Phillip Brett said,
“The census publication should be about investment and shaping the public services that Northern Ireland needs in the future rather than a border poll or a sectarian headcount. To draw political conclusions based on the number of Protestants and Catholics is simplistic and lazy.
For the last twenty years there has been a trend towards a Protestant minority, a Catholic minority and a minority who don’t identify as either. Rather than focus on a divisive border poll we should ensure that Northern Ireland builds first class public services and a genuine shared future.
Sinn Fein calls for a divisive border poll on the back of this census publication shows their main focus is removing Northern Ireland from the United Kingdom rather than a shared future. We warned about this before the last election. It should be noted however, that over the last 20 years, the number of people voting for border poll parties has decreased. Our focus must be on making Northern Ireland work and ensuring we have the best foundation to build for the next generation.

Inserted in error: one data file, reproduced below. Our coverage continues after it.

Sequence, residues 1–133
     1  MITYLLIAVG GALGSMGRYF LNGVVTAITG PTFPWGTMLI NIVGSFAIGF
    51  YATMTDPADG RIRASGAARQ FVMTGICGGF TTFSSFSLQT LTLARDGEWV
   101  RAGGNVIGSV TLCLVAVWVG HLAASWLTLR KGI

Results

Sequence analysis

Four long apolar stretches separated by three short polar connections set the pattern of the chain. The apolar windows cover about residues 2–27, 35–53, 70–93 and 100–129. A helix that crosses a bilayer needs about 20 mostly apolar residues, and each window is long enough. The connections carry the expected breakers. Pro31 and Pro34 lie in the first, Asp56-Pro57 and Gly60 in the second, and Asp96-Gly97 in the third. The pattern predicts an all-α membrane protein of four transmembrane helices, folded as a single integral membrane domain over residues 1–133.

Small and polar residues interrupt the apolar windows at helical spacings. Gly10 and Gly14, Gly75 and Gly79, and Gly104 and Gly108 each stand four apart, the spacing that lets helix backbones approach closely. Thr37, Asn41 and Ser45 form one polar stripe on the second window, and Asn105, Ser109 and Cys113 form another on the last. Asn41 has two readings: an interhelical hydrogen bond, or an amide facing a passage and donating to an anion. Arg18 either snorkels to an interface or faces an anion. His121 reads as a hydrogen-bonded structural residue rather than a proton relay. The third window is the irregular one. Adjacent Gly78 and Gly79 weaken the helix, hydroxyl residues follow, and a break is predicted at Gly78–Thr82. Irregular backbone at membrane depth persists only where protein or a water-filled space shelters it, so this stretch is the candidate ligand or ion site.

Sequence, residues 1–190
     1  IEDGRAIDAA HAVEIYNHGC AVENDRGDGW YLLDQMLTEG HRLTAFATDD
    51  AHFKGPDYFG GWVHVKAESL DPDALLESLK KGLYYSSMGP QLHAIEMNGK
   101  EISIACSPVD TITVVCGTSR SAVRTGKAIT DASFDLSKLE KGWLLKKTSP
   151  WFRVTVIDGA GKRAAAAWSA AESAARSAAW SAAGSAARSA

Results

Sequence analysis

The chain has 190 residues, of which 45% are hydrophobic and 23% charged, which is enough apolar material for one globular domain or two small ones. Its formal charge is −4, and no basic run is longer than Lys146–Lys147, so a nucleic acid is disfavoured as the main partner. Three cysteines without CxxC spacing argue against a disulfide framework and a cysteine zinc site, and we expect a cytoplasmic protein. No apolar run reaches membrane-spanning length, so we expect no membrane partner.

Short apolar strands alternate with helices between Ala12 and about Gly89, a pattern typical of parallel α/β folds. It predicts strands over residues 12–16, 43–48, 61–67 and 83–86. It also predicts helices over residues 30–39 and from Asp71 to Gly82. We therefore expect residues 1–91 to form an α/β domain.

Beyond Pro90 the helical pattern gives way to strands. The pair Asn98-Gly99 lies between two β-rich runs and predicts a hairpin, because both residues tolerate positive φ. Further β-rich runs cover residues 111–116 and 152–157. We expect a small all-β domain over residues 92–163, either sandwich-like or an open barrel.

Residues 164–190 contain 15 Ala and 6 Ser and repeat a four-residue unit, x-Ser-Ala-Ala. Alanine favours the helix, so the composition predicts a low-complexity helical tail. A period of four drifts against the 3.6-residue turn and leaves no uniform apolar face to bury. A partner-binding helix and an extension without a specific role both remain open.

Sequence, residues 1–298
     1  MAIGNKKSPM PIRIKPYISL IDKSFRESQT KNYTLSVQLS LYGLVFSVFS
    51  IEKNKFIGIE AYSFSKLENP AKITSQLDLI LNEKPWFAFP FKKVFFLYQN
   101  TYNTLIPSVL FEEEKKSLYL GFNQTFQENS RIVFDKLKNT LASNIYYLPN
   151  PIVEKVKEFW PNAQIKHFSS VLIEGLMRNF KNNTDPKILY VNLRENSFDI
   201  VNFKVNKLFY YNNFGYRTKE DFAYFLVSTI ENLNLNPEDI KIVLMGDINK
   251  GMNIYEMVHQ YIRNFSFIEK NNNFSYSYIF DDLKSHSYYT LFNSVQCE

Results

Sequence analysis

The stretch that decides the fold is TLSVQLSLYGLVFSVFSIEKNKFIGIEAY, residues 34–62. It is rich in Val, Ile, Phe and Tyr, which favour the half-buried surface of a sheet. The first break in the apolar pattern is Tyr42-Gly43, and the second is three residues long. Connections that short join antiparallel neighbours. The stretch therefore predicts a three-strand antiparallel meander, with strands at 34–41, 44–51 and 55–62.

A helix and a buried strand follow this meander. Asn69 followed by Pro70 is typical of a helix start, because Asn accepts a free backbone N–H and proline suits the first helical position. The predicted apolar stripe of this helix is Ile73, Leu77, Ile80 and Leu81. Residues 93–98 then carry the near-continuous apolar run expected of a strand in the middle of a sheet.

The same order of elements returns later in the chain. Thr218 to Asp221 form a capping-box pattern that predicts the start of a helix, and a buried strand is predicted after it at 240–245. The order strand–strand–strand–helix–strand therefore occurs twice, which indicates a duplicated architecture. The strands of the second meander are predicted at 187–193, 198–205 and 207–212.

Unionists and nationalists should work together for the betterment of Northern Ireland. The approach of the pro-protocol parties where they have tried to ignore the fact that every unionist MP and MLA rejects the Protocol, is not a basis for moving Northern Ireland forward.”
- The 2001 census – 43.8% Catholic, 53.1% Protestant, 3.1% other or none.
- The 2001 Westminster election – combined SF and SDLP vote was 42.7%.
- The 2011 census – 45.1% Catholic, 48.4% Protestant and 5.6% other.
- The 2011 NI Assembly election – combined SF and SDLP vote was 41.1%.
- The 2022 NI Assembly election combined SF, SDLP and Aontú vote was 39.6%.